I remember in my late twenties in a literature class hearing about an author my same age who had already written a number of books and was considered of great literary fame. I remember the thought passing through my mind, “Where have I been?”
Maybe I felt like I was going nowhere fast. The complexities that enter into how we perceive our lives are not easy to untangle. Now in my fifties, I look back at the years that are folded up now and set to rest, and wonder still what I have attained. Once I participated in an ice-breaker in a meeting of my sisters in Rome, and we had to state one word that described ourselves. I immediately put down the word, “Search.” I’m always on a search. And I realize now that I have subtly have considered this to be a negative thing. If I’m searching, I haven’t found something. I’m not settled. Not finished. Maybe I’ll never be finished looking for that something I wish I could find.
The Magi whom we contemplate today had spent a good bit of their life-span searching the skies for a star they knew would one day appear. Their search indicated that no other star was sufficient to move them, to transform them, to uproot them, to cause them to bow down in worship. They sought because they had not found. And that was a good thing. They knew that everything they had as yet encountered was good, but not great, not THE THING that was to mark their lives forever. And so they continued searching.
The star they followed led the three on another search. First they thought it would lead to a political kingdom, then to a religious elite, but ended up surprisingly in a poor hut where they laid their precious gifts before a Babe and his teenage mother. There as they discovered the King and God whom they recognized they had been searching for all their life, they also discovered themselves. Julian Carron, president of Communion and Liberation, wrote in his book Disarming Beauty, “A person rediscovers himself in a living encounter…. It is in an encounter that I become aware of myself…. The ‘I’ awakens from its imprisonment in its original womb, awakens from its tomb, from its sepulcher, from its closed situation of origin and–as it were–‘resurrects,’ becomes aware of itself, precisely in an encounter. The result of an encounter is that the sense of the person is kindled. It is as if the person were being born… This encounter enables us to discover the mystery of our ‘I.’ ‘He was himself, but even more himself.'” (page 79f.).
How do we experience this encounter today? An encounter that shifts the foundation of our personality and consciousness so that we become “even more of ourself”?
Our searching into our middle years has led us through many encounters, careers, hobbies, places of residence, relationships…. Our restlessness, we finally realize, is finally settled into quiet restfulness when we encounter Jesus. I could list a number of places where we could encounter Jesus today…all of which you would know. The point the story of the Magi makes, however, is to be ready for the unexpected places where God will encounter us.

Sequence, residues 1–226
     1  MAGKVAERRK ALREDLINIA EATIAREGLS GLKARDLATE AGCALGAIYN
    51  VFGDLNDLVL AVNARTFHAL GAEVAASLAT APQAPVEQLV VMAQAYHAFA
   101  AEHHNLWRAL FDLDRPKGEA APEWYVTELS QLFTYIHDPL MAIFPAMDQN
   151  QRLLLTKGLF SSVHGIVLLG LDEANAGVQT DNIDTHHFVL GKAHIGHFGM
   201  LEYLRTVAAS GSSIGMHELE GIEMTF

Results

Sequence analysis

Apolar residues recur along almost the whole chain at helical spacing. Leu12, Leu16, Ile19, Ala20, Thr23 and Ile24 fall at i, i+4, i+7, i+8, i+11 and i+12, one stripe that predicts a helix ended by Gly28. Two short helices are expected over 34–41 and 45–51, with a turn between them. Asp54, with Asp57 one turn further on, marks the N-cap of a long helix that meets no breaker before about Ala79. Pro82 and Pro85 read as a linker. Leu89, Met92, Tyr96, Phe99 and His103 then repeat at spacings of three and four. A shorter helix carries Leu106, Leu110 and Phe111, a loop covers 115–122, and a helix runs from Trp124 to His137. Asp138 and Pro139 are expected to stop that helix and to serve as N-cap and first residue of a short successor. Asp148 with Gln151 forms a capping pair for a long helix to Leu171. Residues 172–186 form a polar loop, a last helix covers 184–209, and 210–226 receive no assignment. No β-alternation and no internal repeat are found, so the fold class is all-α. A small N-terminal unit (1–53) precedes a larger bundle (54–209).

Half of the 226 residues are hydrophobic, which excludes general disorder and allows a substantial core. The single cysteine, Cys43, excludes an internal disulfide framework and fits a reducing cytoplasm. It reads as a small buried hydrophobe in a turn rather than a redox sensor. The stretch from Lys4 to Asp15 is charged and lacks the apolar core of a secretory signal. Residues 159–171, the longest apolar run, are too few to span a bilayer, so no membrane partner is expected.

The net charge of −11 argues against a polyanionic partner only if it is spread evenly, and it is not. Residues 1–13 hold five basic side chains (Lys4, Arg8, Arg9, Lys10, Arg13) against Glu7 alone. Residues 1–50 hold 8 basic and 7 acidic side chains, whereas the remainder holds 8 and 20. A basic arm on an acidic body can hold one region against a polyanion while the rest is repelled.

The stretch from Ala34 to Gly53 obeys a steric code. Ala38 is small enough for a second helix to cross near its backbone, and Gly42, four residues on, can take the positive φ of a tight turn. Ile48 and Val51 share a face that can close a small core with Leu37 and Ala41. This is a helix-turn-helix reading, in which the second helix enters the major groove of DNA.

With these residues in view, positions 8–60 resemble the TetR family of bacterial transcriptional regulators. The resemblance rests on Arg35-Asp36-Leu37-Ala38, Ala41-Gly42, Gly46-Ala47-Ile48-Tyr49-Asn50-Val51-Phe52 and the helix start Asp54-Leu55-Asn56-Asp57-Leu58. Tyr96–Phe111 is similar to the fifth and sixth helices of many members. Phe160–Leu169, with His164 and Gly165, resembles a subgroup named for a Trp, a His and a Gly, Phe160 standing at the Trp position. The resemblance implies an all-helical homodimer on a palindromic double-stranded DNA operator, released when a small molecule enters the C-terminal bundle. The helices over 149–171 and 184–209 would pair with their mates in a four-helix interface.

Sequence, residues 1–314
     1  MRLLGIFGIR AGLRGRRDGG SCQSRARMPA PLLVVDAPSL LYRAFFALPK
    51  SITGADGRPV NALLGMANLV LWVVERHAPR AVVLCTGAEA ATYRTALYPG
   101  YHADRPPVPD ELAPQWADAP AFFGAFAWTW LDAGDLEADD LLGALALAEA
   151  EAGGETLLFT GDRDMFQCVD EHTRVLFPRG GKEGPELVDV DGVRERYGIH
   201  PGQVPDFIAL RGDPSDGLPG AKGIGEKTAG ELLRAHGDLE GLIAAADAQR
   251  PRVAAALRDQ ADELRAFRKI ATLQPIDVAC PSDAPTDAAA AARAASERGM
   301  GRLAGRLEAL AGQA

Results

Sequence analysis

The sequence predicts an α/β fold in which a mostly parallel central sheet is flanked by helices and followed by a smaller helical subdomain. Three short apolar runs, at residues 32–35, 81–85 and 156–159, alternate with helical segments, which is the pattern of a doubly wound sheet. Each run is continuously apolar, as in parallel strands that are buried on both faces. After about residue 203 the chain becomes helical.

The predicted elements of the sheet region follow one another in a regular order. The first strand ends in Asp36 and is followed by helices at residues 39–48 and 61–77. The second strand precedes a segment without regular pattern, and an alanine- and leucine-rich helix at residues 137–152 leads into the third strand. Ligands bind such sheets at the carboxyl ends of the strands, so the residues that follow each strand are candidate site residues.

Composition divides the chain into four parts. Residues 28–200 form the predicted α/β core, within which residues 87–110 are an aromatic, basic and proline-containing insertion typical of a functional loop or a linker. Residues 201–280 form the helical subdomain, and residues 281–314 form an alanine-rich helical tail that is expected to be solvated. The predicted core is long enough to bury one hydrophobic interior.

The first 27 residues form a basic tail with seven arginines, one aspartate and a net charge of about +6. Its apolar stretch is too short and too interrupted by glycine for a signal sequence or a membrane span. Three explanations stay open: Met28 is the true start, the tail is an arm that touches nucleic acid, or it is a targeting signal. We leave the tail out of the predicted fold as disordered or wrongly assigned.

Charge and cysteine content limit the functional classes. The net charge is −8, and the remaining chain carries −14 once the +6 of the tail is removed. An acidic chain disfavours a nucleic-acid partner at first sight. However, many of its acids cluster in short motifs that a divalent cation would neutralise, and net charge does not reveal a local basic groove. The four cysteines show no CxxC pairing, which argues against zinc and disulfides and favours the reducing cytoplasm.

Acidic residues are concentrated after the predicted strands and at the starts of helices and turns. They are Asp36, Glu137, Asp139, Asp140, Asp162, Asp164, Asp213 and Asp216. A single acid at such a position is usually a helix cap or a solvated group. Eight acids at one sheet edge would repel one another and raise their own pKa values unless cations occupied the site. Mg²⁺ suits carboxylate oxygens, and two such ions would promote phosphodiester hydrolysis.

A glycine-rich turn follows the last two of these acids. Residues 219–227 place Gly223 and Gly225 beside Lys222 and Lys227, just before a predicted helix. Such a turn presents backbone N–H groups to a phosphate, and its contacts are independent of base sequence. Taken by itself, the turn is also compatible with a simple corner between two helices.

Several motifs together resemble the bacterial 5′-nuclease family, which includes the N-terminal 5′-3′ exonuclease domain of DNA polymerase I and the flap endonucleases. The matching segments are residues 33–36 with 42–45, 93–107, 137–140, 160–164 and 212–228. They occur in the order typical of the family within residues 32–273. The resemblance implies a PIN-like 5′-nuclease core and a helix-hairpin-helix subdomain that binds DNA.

Encounter happens, however, when we’re ready for a relational experience. There are times in all of our lives when relational openness and intensity grows a little dim. This is a simple contemplation you might make to strengthen your readiness to encounter the divine in your life:
- Remember a moment in your past that brought you great joy. Talk to God about how much you appreciate what happened. Express to him gratitude.
- Ask Jesus to tell you what he wants you to know about that experience.
- Ask Jesus to show you where he is in your life right now, to make you aware of his presence.
- Bow down beside the Magi and worship.
Mid-life is a great time to think about what you’ve been searching for and if you’ve found it. Sometimes we have found it, but don’t know how to rest in it, to stop searching and instead relish it and delight in it as it transforms us. It could be we haven’t found what we’ve been looking for and a contemplation such as the one above could be the Star that you’ve been waiting for to lead you to an encounter that will totally satisfy you.
In either case, on this Epiphany day, may you follow his Star wherever it leads!
2 thoughts on “A Mid-Life Epiphany”
I like your title, “A Mid Life Epiphany” My Mom died 3 years ago this past Thanksgiving… I feel like I have been on a solo life search since she has been gone…I keep trying to hold on to memories that I find but as the days go by they fade…Thank you for the contemplations…
I feel because my mom died..beside my grief…i am growing closer to god..im being sensitive enuf to realize the possible transformation taking place..learning spiritual ways seeing how he,wants me to change etc.. am so grateful fir this site cuz I’m always tied up with work commuting etc…so grateful for you sisters I can grow in my spare time…HAPPY BLESSINGS IN THE NEW YEAR AND ALWAYS…DIane Fortuna